To succeed as an industry cluster in Portland, bicycle companies must compete for the best talent. And that’s no easy task in a town full of well-known names in the tech, fashion and outdoor industry.
To help raise the profile of bicycle-related careers, a group of local bike companies shared a booth at the NW Youth Careers Expo held at the Oregon Convention Center yesterday. The annual event hosts 6,500 students from 70 area high schools who get a chance to meet-and-greet with over 200 companies.
Under the rubric “Bikes Mean Business” (it was also on their custom lanyards, made by Chrome Industries), representatives from Chrome, River City Bicycles, and Chris King Precision Components spent their day talking to local teens about how their future could include a job in the bike industry.
“I wanted to let students know there are choices in the fields you love. I kept repeating, ‘None of us work in a cubicle and we love going to work everyday!'”
— Lilly Hager, Chrome
The companies were brought together Chris DiStefano, the head of marketing and public affairs for River City Bicycles. DiStefano came to his current position from a long career in the bike industry that has included putting Portland’s bike industry on the map with the U.S. Department of Commerce and taking the “bikes mean business” mantra into lobbying meetings on Capitol Hill.
Yesterday at the Career Expo, DiStefano said competition for attention was fierce. “Customized cars and trucks for filming, huge power line trucks, enormous airport fire trucks, plus police dogs. There was a lot to see,” he said in a post-event debrief. To help break the ice with, DiStefano had the booth set-up with a bicycle on a trainer that was connected to an online cycling demo from Zwift. “We had kids riding throughout the day,” DiStefano said, “They were excited to get on the bike and try to go fast and they came away laughing and sweating.”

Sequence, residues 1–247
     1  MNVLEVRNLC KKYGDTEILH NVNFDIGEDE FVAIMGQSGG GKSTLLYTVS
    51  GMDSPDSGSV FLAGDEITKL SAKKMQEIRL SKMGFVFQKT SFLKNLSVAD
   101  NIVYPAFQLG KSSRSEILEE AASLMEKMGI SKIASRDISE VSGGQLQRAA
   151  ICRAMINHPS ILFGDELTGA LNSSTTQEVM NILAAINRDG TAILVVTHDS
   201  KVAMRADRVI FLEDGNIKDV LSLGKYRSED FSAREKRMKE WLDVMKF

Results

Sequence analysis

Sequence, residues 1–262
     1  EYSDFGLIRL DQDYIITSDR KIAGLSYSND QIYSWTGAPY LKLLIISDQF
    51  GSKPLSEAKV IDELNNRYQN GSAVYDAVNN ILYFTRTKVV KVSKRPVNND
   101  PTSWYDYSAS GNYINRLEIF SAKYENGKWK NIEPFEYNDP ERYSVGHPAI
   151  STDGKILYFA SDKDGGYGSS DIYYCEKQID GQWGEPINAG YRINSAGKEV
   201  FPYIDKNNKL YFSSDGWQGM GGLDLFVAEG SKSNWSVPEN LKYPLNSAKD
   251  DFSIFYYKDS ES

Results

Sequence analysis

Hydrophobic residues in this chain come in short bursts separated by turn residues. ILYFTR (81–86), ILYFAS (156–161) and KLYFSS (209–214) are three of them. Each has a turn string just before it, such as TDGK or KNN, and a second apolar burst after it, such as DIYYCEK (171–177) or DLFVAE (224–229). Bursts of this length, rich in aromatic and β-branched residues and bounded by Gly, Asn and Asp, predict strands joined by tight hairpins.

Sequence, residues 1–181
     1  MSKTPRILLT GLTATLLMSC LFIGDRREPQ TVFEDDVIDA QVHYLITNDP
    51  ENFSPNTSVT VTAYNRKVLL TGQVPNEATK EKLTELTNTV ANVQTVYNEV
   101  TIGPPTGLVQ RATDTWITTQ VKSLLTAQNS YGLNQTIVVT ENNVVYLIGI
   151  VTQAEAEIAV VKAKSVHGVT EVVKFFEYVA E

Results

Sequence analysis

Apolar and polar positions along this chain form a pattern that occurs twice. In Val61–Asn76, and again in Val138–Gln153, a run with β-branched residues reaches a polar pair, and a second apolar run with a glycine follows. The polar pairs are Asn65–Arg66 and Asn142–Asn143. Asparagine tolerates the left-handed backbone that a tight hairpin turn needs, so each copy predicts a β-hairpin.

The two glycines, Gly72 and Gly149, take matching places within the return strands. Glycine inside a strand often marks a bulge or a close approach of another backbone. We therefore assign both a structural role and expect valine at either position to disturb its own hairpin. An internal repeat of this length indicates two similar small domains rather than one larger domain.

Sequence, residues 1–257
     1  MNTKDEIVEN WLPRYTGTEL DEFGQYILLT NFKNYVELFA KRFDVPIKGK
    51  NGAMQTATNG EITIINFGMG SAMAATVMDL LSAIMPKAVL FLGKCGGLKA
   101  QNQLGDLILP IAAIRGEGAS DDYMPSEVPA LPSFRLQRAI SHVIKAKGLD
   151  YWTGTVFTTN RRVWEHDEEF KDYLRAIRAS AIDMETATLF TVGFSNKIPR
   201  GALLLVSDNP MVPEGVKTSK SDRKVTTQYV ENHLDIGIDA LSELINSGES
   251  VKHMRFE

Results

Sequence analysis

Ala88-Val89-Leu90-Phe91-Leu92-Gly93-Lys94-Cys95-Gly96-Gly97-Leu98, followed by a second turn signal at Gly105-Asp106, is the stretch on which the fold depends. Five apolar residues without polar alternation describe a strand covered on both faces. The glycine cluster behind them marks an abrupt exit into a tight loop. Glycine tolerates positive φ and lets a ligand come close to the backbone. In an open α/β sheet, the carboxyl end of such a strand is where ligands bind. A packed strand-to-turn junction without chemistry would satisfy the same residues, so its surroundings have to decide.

When the kids weren’t pedaling, they could learn more about Portland’s bike industry from: Jay SyCip, design manager at King Cycle Group (Chris King Precision Components and Cielo Cycles); Dan Steinle, marketing manager at Ruckus Composites; Lilly Hager and Tyda Chhaysy from the Portland Chrome Store; or Alex Criss, marketing and events manager at River City Bicycles. Even River City’s owner Dave Guettler was on-hand to share his boundless enthusiasm for bicycles and the people who ride and work on them.
Expo attendees learned about bicycle and component manufacturing that happens right here in Portland. And for engineering-minded students, Dan from Ruckus brought a few cutaway samples of the carbon fiber frames they work on.
“Within the first hour we had several kids ask about internships and possible jobs at the shop,” DiStefano said. “Far more kids than I’d expected were into bikes and knew about the companies we had on hand. None of the kids we talked to all day were aware how big the Portland bike business was and I think that impressed a lot of them, for sure.”
Lilly Hager, manager of the Chrome Store downtown, said she wanted to be there to remind students that they don’t have to settle for a boring job in a cubicle. “I got to thinking about what I thought my job prospects were as a high school student,” she said, “I thought I would have to go to college and sit in an office or work in a factory — so I wanted to let students know there are choices in the fields you love. I kept repeating, ‘None of us work in a cubicle and we love going to work everyday!'”